While many of the hardiest, longest-lived perennials flower for only 2 to 3 weeks at a time, there are some that bloom all summer. To maximise the potential of a perennial bed, choose long-blooming plants that are well-suited to the local climate, and remove spent blossoms on a regular basis to prolong bloom time and encourage flower production.
Tall, lanky perennials such as yarrow, coreopsis, blanket flower and golden marguerite are some of the longest-blooming perennials in the garden, flowering from early summer until fall. These low-maintenance, easy-to-grow plants are the mainstay of many gardens, filling the yard with bright splashes of colour for months on end. Individual flowers may last only a few days, but the stems are capable of producing multiple blossoms if the blooms are removed as they begin to fade. When the growing season comes to an end, trim the leggy stalks by cutting them as close to the base of the plant as possible; this will result in the growth of a denser, sturdier plant.
Thick, bushy perennials such as baby's breath, Russian sage and bee balm make invaluable fillers between groups of flowers in formal arrangements. Though these plants are often as wide as they are tall, they bloom up to 12 weeks at a time, producing an abundance of blossoms that decorate the stems and soften the shrublike effect. To increase the flowering potential of these plants, remove faded flowers with pruning shears or hedge trimmers; this is more efficient than trying to remove the tiny blossoms by hand.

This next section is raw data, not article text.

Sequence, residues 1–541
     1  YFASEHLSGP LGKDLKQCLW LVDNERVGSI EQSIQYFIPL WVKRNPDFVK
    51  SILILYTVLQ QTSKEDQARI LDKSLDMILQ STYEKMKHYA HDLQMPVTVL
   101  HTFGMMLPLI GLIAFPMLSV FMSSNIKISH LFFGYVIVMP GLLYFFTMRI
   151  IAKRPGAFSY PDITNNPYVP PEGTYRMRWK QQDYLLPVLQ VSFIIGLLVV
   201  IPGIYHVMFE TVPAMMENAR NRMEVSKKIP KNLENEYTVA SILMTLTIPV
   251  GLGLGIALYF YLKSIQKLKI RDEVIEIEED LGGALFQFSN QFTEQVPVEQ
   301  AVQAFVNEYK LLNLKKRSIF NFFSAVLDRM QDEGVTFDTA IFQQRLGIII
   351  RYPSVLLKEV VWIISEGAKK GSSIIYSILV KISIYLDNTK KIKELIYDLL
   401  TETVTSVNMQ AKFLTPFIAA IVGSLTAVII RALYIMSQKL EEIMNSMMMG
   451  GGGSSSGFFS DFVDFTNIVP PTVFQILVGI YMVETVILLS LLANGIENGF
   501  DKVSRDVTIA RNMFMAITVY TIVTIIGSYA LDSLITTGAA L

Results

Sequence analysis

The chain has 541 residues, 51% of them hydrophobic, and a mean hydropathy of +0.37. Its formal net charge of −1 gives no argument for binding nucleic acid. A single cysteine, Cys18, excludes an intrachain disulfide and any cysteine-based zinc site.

Ground-hugging perennials such as garden pinks, stonecrop and candy tuft blanket the yard in dense mats of thick foliage and eye-catching flowers for 8 to 12 weeks at a time, and bloom time can be extended by cutting back individual clusters of flowers as they begin to fade. While these perennials make excellent ground covers, their gently rounded forms and delicate blooms also work well when added to borders and beds, where they contrast nicely with more-vivid flowers and foliage.
Many annuals bloom nonstop from early spring until the first frost of fall, putting nearby perennials to shame with their prolific blooms. On the down side, they must be replanted each year and they tend to require more routine maintenance throughout the growing season, making them less convenient than perennials. There are, however, a number of hardy, easy-to-grow annuals that will readily reseed in the garden. Self-sowing annuals such as sweet alyssum, cosmos, poppies and larkspur fill the yard with colour all summer and reappear each spring without replanting, just like perennials. In addition, they tend to be tolerant of a wide variety of climatic conditions and will flourish in spaces where many plants fail.